She was recognized for three acts of heroism. First, since she lived close to the main road, she would observe Loyalist movements on the road, and would report these to the Patriots.

Second, at Musgrave Mill she slipped into the Loyalist camp and took all their horses to the Patriots, causing great hardships for the Loyalists in the battle. And her most infamous act concerned Gen. Banastre Tarleton. He came to her home and forced her to prepare meals for them. She overheard Tarleton’s plans to attack the Patriots and was able to mount a horse bareback and ride 20 miles to warn the Patriots encamped at Green Springs near Blackstock Plantation.

This caused Tarleton to lose his battle, and later, in January 1781, to also lose the Battle of Cowpens.

Her ride is likened to Paul Revere’s ride, but never received the notoriety he did. Longfellow wrote a poem on Paul Revere’s ride because of the family connection. She is mentioned in several books, including “Women of the Revolution.”

Dietrich stated that in 2007 the family visited his son in Atlanta, and while there visited Grant Park, which had several train cars. They thought that their ancestor, John Sharp Rollins had a train car there, but it wasn’t there. This sparked an interest to develop the family line which took them to Dillard, making her Paul’s fifth great-grandmother.

He read a beautiful poem he had composed about her ride. It was received by the members to be as good or better than Longfellow’s poem on Paul Revere’s ride. He also showed the members a walking cane he had made for his mother with Patriotic designs carved in it; a unique cane.

Under old business, Deacon reported a new finance committee for the chapter was proposed, that a fund-raising project will be undertaken in the spring, and that the chapter would be involved in a new “Truck” program.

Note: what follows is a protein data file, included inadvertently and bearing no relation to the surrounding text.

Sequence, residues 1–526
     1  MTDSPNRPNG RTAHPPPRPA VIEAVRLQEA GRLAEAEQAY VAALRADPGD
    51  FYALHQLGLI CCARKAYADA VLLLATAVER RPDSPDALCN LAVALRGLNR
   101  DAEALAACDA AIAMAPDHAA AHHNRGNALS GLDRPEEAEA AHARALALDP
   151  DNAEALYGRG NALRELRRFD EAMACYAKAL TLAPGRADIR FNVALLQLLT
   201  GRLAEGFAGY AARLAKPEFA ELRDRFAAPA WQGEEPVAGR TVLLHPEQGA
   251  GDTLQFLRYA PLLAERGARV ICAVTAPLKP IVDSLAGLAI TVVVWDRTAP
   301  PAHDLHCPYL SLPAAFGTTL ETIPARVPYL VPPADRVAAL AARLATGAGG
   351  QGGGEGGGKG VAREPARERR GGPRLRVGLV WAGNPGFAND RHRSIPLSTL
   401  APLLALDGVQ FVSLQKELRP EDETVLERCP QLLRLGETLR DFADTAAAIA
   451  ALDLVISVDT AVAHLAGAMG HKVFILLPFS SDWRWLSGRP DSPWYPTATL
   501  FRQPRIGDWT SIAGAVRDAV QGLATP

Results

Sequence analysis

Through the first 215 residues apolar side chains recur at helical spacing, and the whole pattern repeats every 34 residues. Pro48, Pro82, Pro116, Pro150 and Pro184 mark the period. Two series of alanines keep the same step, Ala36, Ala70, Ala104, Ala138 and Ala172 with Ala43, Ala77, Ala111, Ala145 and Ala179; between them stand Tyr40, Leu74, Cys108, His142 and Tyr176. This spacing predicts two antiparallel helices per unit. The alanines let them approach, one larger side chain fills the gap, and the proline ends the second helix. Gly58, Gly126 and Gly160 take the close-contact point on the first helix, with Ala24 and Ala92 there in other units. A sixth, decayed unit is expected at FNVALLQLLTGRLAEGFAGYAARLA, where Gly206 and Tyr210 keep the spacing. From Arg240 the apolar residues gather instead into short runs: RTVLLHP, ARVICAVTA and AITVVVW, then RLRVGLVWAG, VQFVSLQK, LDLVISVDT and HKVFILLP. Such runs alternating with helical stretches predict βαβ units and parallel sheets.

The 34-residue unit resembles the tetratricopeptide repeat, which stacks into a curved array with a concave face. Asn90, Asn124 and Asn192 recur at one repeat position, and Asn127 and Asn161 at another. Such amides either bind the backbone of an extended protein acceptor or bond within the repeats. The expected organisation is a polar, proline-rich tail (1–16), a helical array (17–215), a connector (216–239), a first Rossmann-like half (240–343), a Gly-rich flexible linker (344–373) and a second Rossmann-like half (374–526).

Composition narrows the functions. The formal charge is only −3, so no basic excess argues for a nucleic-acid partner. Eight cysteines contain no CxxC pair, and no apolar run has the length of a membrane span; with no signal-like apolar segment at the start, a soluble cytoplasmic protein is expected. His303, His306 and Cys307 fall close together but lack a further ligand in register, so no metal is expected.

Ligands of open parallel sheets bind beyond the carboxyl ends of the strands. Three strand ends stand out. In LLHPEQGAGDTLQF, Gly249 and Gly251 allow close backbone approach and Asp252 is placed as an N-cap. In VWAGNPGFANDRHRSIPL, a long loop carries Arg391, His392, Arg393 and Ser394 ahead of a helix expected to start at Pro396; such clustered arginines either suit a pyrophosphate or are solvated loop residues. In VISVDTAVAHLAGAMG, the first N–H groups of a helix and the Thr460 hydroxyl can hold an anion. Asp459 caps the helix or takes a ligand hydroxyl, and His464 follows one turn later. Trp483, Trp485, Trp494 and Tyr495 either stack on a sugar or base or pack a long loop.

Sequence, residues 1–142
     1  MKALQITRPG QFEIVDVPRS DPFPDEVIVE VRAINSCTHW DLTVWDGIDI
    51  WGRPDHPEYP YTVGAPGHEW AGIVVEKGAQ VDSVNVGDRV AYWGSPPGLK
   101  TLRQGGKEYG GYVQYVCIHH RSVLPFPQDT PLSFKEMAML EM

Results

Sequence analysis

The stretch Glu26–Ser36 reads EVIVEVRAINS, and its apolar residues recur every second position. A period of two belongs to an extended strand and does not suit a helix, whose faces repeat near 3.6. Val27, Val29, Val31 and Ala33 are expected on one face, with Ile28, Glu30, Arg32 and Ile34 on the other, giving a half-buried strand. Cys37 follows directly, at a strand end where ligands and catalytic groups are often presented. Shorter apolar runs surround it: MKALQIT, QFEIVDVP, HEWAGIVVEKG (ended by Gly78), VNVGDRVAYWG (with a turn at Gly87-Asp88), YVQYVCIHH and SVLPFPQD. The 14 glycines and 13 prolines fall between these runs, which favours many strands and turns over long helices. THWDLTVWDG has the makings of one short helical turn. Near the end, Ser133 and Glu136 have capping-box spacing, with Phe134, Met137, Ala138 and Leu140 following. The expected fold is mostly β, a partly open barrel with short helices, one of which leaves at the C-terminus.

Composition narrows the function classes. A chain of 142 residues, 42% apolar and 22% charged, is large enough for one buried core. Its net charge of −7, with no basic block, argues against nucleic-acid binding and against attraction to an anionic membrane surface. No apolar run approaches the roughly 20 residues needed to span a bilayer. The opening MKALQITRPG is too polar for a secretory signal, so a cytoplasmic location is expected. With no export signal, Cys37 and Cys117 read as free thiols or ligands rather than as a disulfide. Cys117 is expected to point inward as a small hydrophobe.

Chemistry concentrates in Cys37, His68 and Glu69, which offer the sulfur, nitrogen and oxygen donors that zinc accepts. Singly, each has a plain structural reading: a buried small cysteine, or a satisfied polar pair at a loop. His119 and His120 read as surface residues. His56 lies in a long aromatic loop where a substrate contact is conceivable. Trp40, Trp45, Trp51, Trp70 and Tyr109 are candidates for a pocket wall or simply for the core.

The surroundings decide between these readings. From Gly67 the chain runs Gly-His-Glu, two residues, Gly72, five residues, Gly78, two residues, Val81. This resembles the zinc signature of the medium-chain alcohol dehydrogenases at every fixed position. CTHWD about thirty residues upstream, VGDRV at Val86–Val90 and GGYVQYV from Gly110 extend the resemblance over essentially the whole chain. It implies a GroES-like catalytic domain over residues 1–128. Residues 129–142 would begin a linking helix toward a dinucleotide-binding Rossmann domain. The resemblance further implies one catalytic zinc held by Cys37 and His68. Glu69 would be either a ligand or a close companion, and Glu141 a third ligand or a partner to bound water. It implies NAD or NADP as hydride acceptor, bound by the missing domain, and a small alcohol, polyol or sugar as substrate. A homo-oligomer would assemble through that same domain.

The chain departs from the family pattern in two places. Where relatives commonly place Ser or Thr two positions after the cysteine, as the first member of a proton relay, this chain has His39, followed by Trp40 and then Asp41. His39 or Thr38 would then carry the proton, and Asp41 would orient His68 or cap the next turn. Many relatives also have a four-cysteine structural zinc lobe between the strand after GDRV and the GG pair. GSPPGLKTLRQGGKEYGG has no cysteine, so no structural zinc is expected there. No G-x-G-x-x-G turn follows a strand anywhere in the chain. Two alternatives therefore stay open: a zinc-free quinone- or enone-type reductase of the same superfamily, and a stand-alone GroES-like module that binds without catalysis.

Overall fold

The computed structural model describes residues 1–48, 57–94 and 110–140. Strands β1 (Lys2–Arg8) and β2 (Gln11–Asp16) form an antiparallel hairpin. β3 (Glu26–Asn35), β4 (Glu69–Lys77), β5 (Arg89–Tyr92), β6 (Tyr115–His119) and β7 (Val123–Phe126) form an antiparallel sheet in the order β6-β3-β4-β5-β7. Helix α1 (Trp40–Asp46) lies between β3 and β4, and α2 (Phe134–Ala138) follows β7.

Hicks encouraged all to get their dues in, and if any wanted to pay that night, he would take their checks and mail them in; he got several responses. Hicks also announced he was the chapter’s new education chairman.

Under new business Hicks announced the 4-H was having its poster contest at Bradley Square Mall on Nov. 8 and 9 this year. Chapter members are needed again this year for the judging of posters from grades 6-12. Hicks next made a motion for the chapter to provide $100 to help 4-H. It passed unanimously.

The chapter was reminded of several upcoming events, several of which were the chapter’s 10th Anniversary meeting in December, the Wreaths Across America program the second Saturday in December, and a possible float in the Christmas Parade.

Evans reported that on Saturday, Oct 5, he attended a joint 25th Anniversary Meeting of the Lake-Sumter and Withlacoochee Chapters in Fruitland Park, Fla. Evans organized these two chapters in 1988. Also in attendance were Florida Society SAR State President Ted Duay, Past State President Ron Toops, State Historian and past National Officer Ralph Nelson, chapter president of the Lake-Sumter Chapter, Scott Bushnell, chapter president of the Withlacoochee chapter, Robert Folk, and “many-times” chapter president of the Lake-Sumter chapter, Bob Moody, who kept this chapter together for 25 years. The chapter was chartered July 29, 1988, and the Lake-Sumter chapter was chartered Oct. 22 1988.

With no further business, President Deacon proceeded to close the meeting, and with him leading the Recessional, and the Rev. Bill Spencer giving the Benediction, the closing gavel was struck and the meeting adjourned.